So what can we do with kids who kill?
Technically, in Michigan, it has been possible since 1997 to have a person of any age — even an infant — charged, tried and sentenced as an adult. It has also been legal to sentence minors who murder to life without the possibility of parole.
Today, Michigan’s prisons hold 350 such inmates. Some seem to have been vicious killers. Others did nothing except be present when, say, their boyfriends murdered someone.
Regardless, it costs the taxpayers more each year to keep each of them locked up than it would to send them to a private university.
Yet whether or not this is a good policy, the U.S. Supreme Court last year ruled that sentencing kids to life without the possibility of parole is unconstitutional. Nobody disputes this.
Yet what isn’t clear is whether that decision applies to those already so sentenced. Michigan Attorney General Bill Schuette doesn’t seem to think the nation’s highest court’s ruling applies to those inmates in his state — at least not retroactively.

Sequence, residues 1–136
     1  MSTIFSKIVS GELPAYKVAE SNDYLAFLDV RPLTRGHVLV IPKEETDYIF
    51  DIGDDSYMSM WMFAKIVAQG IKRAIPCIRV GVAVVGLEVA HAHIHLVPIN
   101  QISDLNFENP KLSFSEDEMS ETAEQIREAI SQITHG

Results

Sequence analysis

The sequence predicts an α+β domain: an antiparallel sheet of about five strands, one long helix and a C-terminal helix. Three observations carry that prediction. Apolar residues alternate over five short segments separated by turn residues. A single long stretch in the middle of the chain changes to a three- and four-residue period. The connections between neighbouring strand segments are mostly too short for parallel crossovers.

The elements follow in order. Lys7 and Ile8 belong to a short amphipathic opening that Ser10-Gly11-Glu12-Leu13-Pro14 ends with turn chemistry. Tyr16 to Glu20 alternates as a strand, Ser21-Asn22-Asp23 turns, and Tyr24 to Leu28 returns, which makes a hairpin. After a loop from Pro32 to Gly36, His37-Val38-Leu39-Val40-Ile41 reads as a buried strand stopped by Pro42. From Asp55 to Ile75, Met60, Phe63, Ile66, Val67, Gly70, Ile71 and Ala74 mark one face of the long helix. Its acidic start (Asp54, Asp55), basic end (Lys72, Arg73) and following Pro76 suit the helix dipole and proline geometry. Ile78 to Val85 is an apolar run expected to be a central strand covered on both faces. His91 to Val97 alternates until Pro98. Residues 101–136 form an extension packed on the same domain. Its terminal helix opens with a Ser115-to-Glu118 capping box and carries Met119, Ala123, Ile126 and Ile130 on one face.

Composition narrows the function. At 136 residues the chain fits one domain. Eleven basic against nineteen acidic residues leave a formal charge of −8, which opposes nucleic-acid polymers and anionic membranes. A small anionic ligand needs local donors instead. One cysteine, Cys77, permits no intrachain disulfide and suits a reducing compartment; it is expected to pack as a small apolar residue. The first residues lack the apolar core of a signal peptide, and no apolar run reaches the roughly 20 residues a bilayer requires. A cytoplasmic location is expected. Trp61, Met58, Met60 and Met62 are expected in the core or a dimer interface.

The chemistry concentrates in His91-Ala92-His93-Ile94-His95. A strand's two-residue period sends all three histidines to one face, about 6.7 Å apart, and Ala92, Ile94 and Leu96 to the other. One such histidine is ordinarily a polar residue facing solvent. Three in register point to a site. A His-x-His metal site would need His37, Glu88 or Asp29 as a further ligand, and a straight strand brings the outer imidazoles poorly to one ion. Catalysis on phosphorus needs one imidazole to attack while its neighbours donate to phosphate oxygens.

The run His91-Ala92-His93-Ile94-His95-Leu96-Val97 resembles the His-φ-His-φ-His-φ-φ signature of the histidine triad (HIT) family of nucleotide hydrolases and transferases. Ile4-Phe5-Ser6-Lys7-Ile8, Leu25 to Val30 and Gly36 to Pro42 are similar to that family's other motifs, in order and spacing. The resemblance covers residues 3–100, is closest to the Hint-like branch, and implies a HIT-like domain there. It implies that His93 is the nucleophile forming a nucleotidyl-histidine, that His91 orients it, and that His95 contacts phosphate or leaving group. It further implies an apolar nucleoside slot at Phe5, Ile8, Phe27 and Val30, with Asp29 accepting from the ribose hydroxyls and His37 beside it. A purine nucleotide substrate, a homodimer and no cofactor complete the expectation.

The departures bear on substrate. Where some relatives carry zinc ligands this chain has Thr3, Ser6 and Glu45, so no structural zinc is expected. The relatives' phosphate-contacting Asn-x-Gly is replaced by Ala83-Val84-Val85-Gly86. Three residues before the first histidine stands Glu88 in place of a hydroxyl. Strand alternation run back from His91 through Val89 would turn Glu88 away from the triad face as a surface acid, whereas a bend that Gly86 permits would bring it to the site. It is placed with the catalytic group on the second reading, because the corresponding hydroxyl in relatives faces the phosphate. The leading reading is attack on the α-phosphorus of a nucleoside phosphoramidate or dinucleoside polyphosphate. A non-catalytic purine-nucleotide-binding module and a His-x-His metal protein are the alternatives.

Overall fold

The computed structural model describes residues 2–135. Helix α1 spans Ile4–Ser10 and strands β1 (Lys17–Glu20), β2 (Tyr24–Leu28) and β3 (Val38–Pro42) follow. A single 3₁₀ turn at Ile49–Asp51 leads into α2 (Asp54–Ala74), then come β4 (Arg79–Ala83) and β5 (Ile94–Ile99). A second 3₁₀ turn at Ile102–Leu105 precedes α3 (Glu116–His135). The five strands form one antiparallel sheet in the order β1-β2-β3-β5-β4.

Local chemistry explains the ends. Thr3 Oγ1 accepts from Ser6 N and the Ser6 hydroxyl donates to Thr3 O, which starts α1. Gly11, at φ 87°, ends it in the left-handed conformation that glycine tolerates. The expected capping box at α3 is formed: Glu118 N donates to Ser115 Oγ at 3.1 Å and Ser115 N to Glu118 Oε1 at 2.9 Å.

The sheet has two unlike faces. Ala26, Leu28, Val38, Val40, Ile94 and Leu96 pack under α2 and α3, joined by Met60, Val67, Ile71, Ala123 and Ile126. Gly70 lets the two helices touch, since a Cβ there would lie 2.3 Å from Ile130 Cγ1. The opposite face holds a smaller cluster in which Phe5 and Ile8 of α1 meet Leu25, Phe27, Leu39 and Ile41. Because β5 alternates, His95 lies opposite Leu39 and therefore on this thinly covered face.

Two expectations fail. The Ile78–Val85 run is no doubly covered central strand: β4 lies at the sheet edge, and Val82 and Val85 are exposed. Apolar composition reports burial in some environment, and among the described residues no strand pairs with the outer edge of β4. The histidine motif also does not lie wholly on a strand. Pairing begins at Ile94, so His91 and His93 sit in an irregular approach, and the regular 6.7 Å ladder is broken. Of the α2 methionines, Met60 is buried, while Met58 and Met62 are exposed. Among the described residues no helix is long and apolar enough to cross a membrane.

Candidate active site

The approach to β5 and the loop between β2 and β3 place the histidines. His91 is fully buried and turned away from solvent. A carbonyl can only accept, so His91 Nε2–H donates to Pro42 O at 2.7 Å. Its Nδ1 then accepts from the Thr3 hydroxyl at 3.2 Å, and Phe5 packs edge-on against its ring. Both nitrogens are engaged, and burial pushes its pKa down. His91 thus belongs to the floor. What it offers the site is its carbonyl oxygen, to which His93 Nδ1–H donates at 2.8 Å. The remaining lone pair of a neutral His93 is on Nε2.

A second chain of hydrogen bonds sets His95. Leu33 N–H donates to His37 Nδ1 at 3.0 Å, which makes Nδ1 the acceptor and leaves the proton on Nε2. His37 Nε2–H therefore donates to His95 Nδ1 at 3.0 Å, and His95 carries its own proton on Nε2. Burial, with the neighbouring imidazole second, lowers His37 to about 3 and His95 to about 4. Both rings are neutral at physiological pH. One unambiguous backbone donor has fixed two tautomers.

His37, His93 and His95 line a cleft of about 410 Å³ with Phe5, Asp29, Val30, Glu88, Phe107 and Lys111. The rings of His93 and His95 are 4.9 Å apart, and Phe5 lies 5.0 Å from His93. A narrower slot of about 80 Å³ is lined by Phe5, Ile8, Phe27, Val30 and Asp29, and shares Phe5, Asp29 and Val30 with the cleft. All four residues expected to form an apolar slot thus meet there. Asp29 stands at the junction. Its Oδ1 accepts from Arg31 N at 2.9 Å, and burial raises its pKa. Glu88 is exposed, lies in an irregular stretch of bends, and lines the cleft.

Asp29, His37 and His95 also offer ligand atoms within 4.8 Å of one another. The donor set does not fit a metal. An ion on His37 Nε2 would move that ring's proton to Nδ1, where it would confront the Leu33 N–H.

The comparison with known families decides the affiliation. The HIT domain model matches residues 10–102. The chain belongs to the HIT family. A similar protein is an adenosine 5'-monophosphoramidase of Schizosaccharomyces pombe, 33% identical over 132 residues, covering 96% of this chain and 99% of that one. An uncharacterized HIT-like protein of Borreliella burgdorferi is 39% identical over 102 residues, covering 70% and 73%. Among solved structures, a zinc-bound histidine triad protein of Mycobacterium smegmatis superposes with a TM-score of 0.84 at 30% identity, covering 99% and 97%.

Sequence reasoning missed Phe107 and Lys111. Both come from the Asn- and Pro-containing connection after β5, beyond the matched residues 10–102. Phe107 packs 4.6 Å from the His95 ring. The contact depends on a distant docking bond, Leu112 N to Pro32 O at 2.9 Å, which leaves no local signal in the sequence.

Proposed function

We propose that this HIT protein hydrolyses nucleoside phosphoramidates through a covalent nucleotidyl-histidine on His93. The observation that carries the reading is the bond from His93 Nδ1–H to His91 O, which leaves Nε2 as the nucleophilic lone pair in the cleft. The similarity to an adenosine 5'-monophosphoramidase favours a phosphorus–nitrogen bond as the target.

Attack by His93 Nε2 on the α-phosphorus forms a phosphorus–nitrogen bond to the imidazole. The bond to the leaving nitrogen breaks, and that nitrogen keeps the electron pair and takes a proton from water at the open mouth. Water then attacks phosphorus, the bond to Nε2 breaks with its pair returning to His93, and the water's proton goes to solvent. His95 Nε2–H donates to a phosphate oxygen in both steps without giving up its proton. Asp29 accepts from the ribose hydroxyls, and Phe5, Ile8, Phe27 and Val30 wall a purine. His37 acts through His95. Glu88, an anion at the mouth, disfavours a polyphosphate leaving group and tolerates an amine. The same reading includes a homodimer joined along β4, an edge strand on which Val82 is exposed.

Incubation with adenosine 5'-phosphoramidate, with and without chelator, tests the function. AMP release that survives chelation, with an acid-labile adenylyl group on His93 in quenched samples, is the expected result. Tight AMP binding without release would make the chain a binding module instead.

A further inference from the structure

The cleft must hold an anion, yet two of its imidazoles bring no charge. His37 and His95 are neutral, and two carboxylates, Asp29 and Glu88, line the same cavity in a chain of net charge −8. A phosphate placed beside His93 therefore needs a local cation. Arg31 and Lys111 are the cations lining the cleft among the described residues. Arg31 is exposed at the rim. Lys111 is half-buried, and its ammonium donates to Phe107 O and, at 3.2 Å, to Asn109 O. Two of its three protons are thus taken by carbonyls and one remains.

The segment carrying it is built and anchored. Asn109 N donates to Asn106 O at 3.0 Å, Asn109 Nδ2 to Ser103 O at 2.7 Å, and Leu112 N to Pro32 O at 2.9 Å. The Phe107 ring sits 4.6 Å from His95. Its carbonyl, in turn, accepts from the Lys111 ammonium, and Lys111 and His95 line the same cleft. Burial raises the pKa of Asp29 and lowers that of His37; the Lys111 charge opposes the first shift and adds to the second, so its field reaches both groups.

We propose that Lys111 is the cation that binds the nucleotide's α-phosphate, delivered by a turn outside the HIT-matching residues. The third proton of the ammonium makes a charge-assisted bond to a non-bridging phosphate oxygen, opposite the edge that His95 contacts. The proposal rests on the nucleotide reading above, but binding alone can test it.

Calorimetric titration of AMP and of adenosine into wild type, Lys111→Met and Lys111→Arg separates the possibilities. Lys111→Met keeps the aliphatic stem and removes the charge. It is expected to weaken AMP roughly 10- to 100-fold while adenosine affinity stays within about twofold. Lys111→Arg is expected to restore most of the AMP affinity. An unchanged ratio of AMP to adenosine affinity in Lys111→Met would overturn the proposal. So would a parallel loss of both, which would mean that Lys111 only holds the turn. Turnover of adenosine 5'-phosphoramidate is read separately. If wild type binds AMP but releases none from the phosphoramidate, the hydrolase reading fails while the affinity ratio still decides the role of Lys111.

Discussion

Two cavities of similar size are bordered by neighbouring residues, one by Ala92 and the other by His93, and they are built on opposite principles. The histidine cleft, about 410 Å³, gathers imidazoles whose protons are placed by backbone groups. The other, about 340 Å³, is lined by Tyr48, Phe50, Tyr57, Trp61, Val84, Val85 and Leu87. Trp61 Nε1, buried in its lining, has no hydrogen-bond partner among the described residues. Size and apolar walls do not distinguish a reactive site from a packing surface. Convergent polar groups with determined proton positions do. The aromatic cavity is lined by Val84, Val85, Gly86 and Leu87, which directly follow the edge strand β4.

Schuette, a politically ambitious politician who likes to appear tough on crime, says he doesn’t want to “revictimize the families” of those killed, by holding parole hearings.
That has plainly irked at least one federal judge. U.S. District Judge John Corbett O’Meara last week slammed the state for inaction and ordered the state to put in place a system to review possible parole for such offenders, almost immediately.
His order said that by Dec. 31, Michigan has to put in place “an administrative structure to process and determine the appropriateness of parole for prisoners sentenced to life without parole for crimes committed as juveniles.”
Judge O’Meara ordered the state to take seven other actions, including notifying all such people who have spent at least 10 years in prison that they are eligible for parole, and that their cases “will be considered in a meaningful and realistic manner.”